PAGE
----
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finddelay returns identical value (0) for "best" and "worst" case.

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I'm curious about what the reasoning could be for having finddelay() return 0 if no significant correlation is found. That means that the user has no way of distinguishing cases where the signals overlap with 0 delay and when the signals are not correlated at all. Why not return NaN?

Answers (1)

Brian Neiswander
Brian Neiswander on 21 Aug 2015
Hi Evan,
The "finddelay" function does not consider the strength of the correlation found. Given two signals, it simply returns the lag that produces the maximum absolute value of their cross-correlation. In the "More About" section of the "finddelay" documentation page below:
you can find a description of the algorithm used to calculate the estimated delay. Here, it states that:
"Pairs of signals need not be exact delayed copies of each other. However, the estimated delay has a useful meaning only if there is sufficient correlation between at least one pair of the delayed signals."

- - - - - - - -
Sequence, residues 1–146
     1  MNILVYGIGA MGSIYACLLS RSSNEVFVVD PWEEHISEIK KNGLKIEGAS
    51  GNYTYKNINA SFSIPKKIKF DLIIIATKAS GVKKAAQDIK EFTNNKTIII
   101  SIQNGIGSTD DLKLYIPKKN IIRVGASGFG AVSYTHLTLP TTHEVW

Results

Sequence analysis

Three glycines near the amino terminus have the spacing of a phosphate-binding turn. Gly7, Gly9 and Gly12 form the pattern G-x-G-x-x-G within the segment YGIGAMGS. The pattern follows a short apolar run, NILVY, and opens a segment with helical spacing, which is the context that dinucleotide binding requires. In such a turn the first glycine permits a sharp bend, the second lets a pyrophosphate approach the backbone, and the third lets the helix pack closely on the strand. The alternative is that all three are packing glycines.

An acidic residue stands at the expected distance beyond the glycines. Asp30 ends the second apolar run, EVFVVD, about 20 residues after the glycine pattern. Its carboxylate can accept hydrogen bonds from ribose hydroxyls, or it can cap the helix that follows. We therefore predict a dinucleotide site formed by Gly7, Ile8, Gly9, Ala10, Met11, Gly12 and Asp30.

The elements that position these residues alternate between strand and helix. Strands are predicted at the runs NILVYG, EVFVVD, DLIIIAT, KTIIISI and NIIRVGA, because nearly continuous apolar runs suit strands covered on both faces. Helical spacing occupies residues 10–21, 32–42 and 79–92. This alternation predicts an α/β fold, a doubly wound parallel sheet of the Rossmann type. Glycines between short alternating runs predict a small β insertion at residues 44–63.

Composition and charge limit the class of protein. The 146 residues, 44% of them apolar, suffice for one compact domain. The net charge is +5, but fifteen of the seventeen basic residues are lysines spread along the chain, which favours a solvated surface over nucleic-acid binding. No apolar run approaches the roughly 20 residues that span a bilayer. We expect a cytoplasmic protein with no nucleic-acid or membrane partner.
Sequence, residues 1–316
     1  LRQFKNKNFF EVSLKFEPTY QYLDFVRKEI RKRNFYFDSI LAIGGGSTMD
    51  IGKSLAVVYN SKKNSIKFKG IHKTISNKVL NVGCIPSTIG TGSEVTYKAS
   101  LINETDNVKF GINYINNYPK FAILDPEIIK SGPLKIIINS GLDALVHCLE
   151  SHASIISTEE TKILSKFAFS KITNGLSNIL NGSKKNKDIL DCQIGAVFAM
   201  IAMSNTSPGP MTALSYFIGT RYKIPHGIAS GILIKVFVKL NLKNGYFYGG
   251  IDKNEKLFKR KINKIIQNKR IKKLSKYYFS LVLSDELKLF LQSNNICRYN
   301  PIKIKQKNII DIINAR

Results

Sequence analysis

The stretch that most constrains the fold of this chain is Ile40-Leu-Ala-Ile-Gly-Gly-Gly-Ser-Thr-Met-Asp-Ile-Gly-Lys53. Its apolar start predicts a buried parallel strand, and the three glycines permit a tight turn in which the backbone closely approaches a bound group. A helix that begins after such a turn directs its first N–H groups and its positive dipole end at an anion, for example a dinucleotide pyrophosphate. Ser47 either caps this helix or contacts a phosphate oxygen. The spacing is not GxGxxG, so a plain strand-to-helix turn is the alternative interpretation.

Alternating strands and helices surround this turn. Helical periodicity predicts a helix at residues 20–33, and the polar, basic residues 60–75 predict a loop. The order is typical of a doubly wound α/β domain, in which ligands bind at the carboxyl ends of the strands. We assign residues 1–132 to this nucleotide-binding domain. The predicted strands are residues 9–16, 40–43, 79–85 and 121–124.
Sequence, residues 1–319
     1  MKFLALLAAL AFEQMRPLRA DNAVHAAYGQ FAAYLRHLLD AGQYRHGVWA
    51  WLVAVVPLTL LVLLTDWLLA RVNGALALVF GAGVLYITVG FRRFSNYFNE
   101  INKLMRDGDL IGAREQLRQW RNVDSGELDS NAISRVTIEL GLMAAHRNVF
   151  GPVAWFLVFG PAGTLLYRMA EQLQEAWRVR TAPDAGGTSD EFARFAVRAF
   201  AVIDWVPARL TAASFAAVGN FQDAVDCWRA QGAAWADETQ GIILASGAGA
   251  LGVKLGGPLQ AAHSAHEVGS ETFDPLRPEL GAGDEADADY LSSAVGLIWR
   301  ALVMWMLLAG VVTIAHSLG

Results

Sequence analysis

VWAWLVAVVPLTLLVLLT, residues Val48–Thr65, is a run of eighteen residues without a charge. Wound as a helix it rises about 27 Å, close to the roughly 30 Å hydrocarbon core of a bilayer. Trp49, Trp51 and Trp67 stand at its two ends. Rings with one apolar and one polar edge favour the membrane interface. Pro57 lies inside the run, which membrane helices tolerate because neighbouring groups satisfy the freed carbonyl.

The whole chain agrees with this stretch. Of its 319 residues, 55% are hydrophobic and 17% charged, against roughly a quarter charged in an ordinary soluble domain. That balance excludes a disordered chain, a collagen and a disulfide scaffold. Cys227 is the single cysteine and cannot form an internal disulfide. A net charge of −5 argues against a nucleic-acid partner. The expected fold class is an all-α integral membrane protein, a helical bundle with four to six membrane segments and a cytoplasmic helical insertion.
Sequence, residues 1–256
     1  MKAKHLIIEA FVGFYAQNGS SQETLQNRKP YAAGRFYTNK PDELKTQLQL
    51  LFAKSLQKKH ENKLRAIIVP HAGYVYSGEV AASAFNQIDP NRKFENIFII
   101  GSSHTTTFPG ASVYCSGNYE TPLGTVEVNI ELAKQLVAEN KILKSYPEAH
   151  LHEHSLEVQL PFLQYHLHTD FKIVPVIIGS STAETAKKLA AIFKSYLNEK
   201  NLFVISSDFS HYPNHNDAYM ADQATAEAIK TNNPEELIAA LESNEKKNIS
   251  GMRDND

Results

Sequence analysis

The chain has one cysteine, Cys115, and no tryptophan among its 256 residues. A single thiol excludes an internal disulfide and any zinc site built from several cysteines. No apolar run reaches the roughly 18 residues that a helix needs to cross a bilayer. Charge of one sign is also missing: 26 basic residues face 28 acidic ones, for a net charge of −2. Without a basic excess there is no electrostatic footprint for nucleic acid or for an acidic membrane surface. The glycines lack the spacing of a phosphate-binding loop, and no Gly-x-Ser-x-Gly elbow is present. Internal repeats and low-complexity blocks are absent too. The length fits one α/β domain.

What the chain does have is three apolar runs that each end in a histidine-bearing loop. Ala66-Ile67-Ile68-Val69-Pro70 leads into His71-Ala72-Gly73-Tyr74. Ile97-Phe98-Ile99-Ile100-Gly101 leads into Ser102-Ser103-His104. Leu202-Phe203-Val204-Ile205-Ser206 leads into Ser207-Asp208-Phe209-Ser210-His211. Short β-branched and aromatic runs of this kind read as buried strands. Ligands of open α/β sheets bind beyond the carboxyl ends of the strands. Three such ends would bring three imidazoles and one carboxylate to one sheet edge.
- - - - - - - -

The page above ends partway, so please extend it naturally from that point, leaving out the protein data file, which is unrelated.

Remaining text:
In other words, the output will not be significant if the two signals are uncorrelated. For the functionality you are asking for, you can use the code suggested by Wayne King in the following MATLAB Answers post:
Hope this is helpful.
  1 Comment
Evan on 21 Aug 2015
Are you sure? Here is the code I'm referring to, from finddelay() in R2015a:
% Set to zeros estimated delays for which the normalized cross-correlation
% values are below a given threshold (spurious peaks due to FFT roundoff
% errors).
for i=1:length(d)
if max_c(i)<1e-8
d(i) = 0;
if isscalar(d) && maxlag(i)~=0
elseif isvector(d) && maxlag(i)~=0
warning(message('comm:finddelay:noSignificantCorrelationVector', i));

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